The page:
New York --
The U.S. Army Corps of Engineers, New York District announces the first contract award for the East Rockaway Inlet to Rockaway Inlet and Jamaica Bay, New York Coastal Storm Risk Reduction Project. This is the first of several contracts that will provide nearly $600 million in federal investment for the construction of storm risk reduction infrastructure on both the Atlantic Ocean shoreline and the Jamaica Bay shoreline of the Rockaway Peninsula.
The contract was awarded to H&L Contracting LLC of Bayshore, NY for just under $114 million. Work under this contract includes the construction of fourteen (14) new stone groin structures and rehabilitation of five (5) existing groins on the Atlantic Ocean side of the Rockaway peninsula. This first element of construction will immediately provide erosion control and stabilization of the beach system. Work is expected to begin in the next few weeks.
Last May the Corps pumped 348,000 cubic yards of sand onto Rockaway Beach between Beach 92nd Street and Beach 105th to mitigate severe erosion in the area.
"For years, the Rockaway community has been patiently awaiting much-needed improvements to the resiliency of their Atlantic shoreline," said U.S. Senator Charles E. Schumer. "With the Army Corps awarding this contract to rebuild and expand groins, we are finally ready to ROCK and roll on the first phase of this essential project. I look forward to continuing to work alongside the Army Corps, my partners in government, and the many Rockaway residents who have all labored to make this moment possible."
"I am pleased that this critical project to protect the Rockaways and make our shoreline more resilient against future storms is moving forward," said Senator Kirsten Gillibrand, "I was proud to fight for funding for this project in the Sandy Supplemental, and will continue to work to ensure that the Army Corps has the resources needed to complete this important work."
"I am glad to see the contract by the U.S. Army Corps of Engineers awarded so that our work to replenish and reinforce the Rockaway shoreline continues on track, with construction beginning imminently within the month. While we are all focused on combatting coronavirus, we can't lower our guard on the other ways Mother Nature can and has hurt our district. We must bolster the resilience of our shorelines so they are better able to weather the next major storm, and our vital beaches aren't closed due to erosion. I thank the U.S. Army Corps of Engineers for their continued work with my office and look forward to construction beginning," said Congressman Gregory W. Meeks.
"We recognize a strong coastline promotes a strong community — economically, socially, and environmentally," said USACE commander, Lt. Gen. Todd Semonite. "Working hand-in-hand with city, state and federal authorities, we will strengthen Rockaway's coastal resilience through a series of projects focused on storm risk reduction and erosion control. This contract award represents the down payment on that promise. The Corps of Engineers is proud to step up and deliver this solution to Rockaway.”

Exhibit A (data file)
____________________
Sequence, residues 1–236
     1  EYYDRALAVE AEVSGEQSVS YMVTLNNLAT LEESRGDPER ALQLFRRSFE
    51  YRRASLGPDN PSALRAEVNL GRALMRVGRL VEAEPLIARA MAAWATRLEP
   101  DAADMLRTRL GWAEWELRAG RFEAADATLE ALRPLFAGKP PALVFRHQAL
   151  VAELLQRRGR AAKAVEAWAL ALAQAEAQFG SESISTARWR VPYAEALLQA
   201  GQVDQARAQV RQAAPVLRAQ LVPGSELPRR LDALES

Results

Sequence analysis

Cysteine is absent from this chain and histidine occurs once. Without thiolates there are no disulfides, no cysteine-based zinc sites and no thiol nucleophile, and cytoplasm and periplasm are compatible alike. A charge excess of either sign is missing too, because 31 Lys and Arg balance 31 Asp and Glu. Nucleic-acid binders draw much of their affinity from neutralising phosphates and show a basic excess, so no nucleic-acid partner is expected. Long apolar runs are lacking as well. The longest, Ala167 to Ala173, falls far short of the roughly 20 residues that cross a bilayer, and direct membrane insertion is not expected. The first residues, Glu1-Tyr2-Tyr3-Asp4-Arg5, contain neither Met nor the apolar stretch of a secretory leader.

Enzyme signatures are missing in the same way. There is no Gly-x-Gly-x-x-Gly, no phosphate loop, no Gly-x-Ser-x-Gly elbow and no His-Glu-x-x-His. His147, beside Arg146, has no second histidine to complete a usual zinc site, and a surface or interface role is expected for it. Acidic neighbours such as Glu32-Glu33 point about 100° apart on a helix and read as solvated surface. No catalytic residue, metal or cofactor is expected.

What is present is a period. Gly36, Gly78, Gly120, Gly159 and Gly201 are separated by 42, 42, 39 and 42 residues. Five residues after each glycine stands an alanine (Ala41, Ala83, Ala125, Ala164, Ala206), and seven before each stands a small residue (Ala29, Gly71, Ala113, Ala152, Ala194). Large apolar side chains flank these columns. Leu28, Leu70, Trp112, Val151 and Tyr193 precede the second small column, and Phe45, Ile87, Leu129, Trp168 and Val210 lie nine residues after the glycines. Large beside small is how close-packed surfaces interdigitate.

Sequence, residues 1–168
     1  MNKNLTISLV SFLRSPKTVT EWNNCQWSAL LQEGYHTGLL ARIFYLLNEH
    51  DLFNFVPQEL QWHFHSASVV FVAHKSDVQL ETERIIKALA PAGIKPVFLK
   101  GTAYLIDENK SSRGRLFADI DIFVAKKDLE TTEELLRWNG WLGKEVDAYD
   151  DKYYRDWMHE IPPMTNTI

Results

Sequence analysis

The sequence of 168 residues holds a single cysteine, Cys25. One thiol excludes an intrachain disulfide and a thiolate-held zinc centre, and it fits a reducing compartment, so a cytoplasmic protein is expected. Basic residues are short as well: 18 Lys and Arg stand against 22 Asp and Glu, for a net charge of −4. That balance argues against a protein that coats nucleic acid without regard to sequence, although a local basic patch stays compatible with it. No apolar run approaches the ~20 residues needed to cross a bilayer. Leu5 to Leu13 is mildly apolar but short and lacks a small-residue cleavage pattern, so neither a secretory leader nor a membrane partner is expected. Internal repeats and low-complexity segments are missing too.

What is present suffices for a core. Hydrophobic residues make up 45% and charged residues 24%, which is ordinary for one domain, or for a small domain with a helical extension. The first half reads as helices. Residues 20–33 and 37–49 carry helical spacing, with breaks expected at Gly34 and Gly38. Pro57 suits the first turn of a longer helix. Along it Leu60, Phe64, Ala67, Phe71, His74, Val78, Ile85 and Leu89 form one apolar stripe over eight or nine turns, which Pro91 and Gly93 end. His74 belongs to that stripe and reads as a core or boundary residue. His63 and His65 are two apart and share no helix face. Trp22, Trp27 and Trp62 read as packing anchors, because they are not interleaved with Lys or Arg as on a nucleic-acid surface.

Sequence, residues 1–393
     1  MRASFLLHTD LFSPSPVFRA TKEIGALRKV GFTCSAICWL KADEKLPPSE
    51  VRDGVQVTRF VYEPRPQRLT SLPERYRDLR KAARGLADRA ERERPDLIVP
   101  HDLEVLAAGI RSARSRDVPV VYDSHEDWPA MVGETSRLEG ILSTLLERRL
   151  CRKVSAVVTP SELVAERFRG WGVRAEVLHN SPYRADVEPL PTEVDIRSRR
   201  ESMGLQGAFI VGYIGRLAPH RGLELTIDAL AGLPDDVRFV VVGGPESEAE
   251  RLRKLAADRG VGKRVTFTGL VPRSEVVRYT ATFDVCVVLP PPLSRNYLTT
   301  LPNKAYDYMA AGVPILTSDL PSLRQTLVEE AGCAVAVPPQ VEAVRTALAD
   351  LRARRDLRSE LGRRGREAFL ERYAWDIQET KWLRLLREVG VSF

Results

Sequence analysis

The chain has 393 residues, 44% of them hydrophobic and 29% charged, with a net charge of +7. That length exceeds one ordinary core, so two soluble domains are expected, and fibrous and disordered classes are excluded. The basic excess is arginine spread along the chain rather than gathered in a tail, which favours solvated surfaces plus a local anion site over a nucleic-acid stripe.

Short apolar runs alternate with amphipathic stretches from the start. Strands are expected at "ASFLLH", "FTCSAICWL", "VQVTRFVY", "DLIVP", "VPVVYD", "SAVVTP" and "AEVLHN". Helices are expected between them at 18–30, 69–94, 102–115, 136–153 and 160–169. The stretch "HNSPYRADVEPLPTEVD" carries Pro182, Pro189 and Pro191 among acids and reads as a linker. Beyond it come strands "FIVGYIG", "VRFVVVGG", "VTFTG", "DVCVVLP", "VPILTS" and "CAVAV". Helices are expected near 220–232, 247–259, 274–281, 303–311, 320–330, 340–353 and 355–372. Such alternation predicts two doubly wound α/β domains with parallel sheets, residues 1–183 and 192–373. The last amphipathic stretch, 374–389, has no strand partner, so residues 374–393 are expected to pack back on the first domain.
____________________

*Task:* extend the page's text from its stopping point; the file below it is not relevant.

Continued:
“Even in the middle of the COVID-19 crisis the work of our city keeps going forward,” said Mayor Bill de Blasio. “Working side by side with the US Army Corps of Engineers, this major investment will help protect the Rockaways' beautiful beaches for years to come — and protect New Yorkers in the process.”
New York State Department of Environmental Conservation Commissioner Basil Seggos said, "Under Governor Cuomo's leadership, New York is implementing bold and innovative strategies to protect our coastal communities from flooding. This partnership to begin work on the Rockaway project is an example of our comprehensive protective actions and will protect a New York City community that was severely impacted by Superstorm Sandy."
“This contract award represents a tremendous next step in our efforts to reinforce our shorelines and our coasts. Bolstering resiliency to reduce the devastating impacts of coastal storms saves lives, reduces property and economic damage, and can ensure a faster recovery after an event. I could not be more excited that we will be starting this long awaited project very shortly.” said Colonel Thomas Asbery, Commander of the New York District. “I would like to thank all of our great partners at the federal, state and city level who worked tirelessly to move this project forward even during this tumultuous time.”
“This marks the final step before construction can begin on the Atlantic Shorefront project,” said Jainey Bavishi, Director of the Mayor’s Office of Resiliency. “These stone groins will prevent erosion and stabilize the shoreline, making Rockaway communities stronger and more resilient to coastal storms for decades to come. We thank the U.S. Army Corps of Engineers for their partnership and their tireless efforts to advance this urgently needed project.”
"The new and reconstructed groins will bring much-needed protective infrastructure to the vibrant Rockaway peninsula, helping to ensure that the sand on the beach stays in place," said NYC Parks Commissioner Mitchell J. Silver, FAICP. "As we prepare to face rising tides and increasingly intense storms, coastal erosion mitigation efforts are critical, and we thank the U.S Army Corps of Engineers for their hard work bringing phase one of this project to fruition."
With the passage of Public Law 113-2, the Disaster Relief Appropriations Act of 2013, the U.S. Army Corps of Engineers was provided both authority to perform feasibility studies to identify opportunities for coastal storm risk reduction, as well as funding to complete or newly construct coastal storm risk management projects in the Northeast.
The Rockaway Report and associated documents are posted on the U.S. Army Corps' New York District’s web site at: